Karine Jean-Pierre: Trump’s ‘In The Oval Office Essentially Defecating on Women’
Likening President Trump to Harvey Weinstein, a Columbia University professor is suggesting that Trump is even worse, as uses his position as president to "essentially defecat[e] on women."
Whereas Weinstein has suffered "tangible" consequences for his sexual assault, Trump was instead elected president, Columbia University lecturer and MoveOn.org national spokeswoman, Karine Jean-Pierre, said.
"Just almost a year ago we elected Donald Trump, who we know is a sexual assaulter," she said. "And people still believed him and elected him. And the thing that is even crazier than that is he now sits behind the Resolute Desk in the oval office essentially defecating on women, signing executive orders taking away rights from women."
Jean-Pierre also accused Trump of trying to "dehumanize" black women.
"For every Trump controversy there seems to be a black woman that this administration wants to take down publicly, dehumanize, and really just try to destroy," she said. "And it’s incredibly dangerous, troubling, and disgusting."
A co-panelist, the Democratic strategist Tara Dowdell, in part blamed a lack of equal pay for "a society that devalues women."
"We don’t have equal pay in this country," Dowdell said. "By definition we’re telling women you are not equally valued in this society. That makeswoman less likely to come forward. There are people that want to take away our reproductive health care rights. These are all things that contribute to a society that devalues women and contributes to a system that devalues women.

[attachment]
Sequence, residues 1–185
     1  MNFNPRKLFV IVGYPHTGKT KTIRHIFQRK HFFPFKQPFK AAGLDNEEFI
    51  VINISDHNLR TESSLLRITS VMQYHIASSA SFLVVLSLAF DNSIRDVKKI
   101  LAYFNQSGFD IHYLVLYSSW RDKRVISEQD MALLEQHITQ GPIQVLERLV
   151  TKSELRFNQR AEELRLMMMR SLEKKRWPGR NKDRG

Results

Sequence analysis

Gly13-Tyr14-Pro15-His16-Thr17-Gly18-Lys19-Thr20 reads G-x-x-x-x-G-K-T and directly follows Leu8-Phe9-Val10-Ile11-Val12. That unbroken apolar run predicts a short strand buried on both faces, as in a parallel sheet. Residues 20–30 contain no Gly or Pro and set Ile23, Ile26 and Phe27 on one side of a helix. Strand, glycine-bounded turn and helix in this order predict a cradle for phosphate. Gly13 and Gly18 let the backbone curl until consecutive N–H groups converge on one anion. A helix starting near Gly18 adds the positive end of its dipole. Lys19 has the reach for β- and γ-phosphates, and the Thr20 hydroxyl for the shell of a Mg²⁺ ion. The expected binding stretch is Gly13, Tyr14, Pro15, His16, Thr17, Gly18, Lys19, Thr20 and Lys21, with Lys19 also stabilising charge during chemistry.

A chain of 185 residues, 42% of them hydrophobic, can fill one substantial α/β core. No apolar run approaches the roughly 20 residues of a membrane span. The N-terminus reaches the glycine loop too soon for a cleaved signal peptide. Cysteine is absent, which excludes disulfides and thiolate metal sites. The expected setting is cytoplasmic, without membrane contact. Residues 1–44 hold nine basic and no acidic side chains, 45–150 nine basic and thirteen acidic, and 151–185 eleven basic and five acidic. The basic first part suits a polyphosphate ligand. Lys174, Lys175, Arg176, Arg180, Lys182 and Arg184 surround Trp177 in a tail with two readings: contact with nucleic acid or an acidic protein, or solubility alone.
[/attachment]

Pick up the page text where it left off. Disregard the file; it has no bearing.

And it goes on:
Jean-Pierre appeared on MSNBC's "AM Joy" and addressed the issue of when to give women making accusations of sexual assault the benefit of the doubt. Here's an excerpt:
REID: "The other thing that we’ve seen is a little creep of respectability politics coming in. There have been a couple -- Mayim Bialik apologized for what she wrote in an oped, essentially saying that modest dress and the way you carry yourself would prevent these things from happening. You know there are women who are saying, well -- you know, when the Cosby accusers, we're picking and choosing which one we think might have had a scandal is bad, or we don't believe that one in particular because of who she is. Talk a little bit about that and what responsibility we have to like negate the respectability politics in whether we believe these women."
JEAN-PIERRE: "Yes, Joy. It’s incredibly problematic. As someone who’s raising a young girl, that is the wrong message to be sending to any young woman as they’re growing up. It is not their fault at all. The responsibility and the onus is on the man. We also have to be sure that men are held accountable. I think the interesting thing we’re see right now with the Harvey Weinstein story is there are tangible results for what he’s done, which we don’t formally see. And just almost a year ago we elected Donald Trump, who we know is a sexual assaulter. And people still believed him and elected him. And the thing that is even crazier than that is he now sits behind the Resolute Desk in the oval office essentially defecating on women, signing executive orders taking away rights from women. Now with Harvey Weinstein’s story and the others, and the other men in the different industries, we’re actually seeing some results because of the avalanche, because women are coming out and speaking. With that we need to send the right message to our young people in particular and watching all of this and say, 'It’s okay, you can be who you are, you don’t need to change who you are and it’s okay to speak out, we have your back.'"